Heart Disease / CAD

Heart – CAD – The Risking Factors

What is CAD? And how it is fatal?

CAD stands for coronary disease, or Coronary Heart Disease (CHD), or simply known as the heart attack (disease).

Other medical terms for this disease are Myocardial Ischemia (MI) or Ischemic Heart
Disease (IHD).
The reason for this disease is the reduction of blood flow to the heart.

It occurs when plaque builds up inside the arteries that supply blood to the heart muscles.


What are coronary arteries?

Coronary arteries are the blood vessels that supply oxygenated blood to the heart muscles.
They are two major arteries known as the right coronary artery and the left coronary artery. They feed blood to the
entire heart muscle.

What is Plaque and Atherosclerosis?

Plaque is composed of substances found in the blood, like fat and cholesterol.


This condition of building-up of fat and cholesterol in coronary arteries is called atherosclerosis.

ATHEROSCLEROSIS makes it harder for blood to get to the right areas of the heart.

It is estimated that over 17.8 million deaths occurring annually due to CAD around the
world. In United States one in four deaths is caused by it. Almost 600,000 people die
from this disease every year only in US according to the National Heart, Lung, and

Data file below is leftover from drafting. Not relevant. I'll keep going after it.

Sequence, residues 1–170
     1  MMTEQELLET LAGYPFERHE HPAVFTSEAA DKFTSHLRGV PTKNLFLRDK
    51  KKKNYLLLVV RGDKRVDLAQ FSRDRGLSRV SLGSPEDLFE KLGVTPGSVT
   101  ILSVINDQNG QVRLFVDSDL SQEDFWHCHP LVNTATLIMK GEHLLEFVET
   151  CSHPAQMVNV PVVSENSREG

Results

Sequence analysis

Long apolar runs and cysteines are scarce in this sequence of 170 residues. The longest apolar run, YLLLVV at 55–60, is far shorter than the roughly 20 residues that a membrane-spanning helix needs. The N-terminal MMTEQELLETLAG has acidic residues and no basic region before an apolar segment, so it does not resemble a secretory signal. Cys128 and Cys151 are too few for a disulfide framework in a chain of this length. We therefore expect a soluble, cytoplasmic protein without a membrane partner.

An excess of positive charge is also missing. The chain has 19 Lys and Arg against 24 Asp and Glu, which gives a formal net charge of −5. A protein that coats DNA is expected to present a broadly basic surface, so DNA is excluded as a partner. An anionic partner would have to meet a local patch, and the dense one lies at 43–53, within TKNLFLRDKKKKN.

Blood Institute (NHLBI).

The factors that increase the risk of developing CAD:

Eight key factors (given below), in particular, contribute to heart attacks.

1. Overweight or obesity:

Extra body weight – (obesity) / (extra body fat) / (overweight)
High amount of extra fat and extra bone-weight and/or extra water are the causes.

2. Unhealthy cholesterol levels:

Blood carries High-Density Lipoprotein (HDL) cholesterol to the liver before it builds up in the arteries.

Low-Density Lipoprotein (LDL) cholesterol sticks to arteries, forming plaque and reduces blood flow.

When total cholesterol levels are 240 mg/dl and above there’s an increased
risk for CAD.
LDL cholesterol should be less than 70 mg/dl for those who have heart or blood
vessel disease.

3. High blood pressure:

Blood pressure that stays at or above 140/ 90 mmHg over a period of time is considered too high.

4. Smoking:

It causes numerous risk factors such as damaging and tightening blood vessels. It increases cholesterol levels and inhibit oxygen from reaching certain tissues in the body.

5. Diabetes:

The high blood sugar levels increase the risk of CAD because diabetes increases other risk factors, such as high cholesterol, LDL, and triglycerides; lower HDL; and high blood pressure.

In this case, the hormone insulin cannot be used properly or there cannot be enough insulin produced.

6. A sedentary lifestyle:

Lack of physical activity aggravates these and other risk factors, such as obesity and overweight.

7. Age Factor:

Age influences the risk of CAD.
The age at which risk increases are for Men – after 45
for Woman – after 55

These signs and symptoms are directly proportional to the genetic and life style factors.

8. Genetic risk factors:

Family history of CAD can also be the reason.

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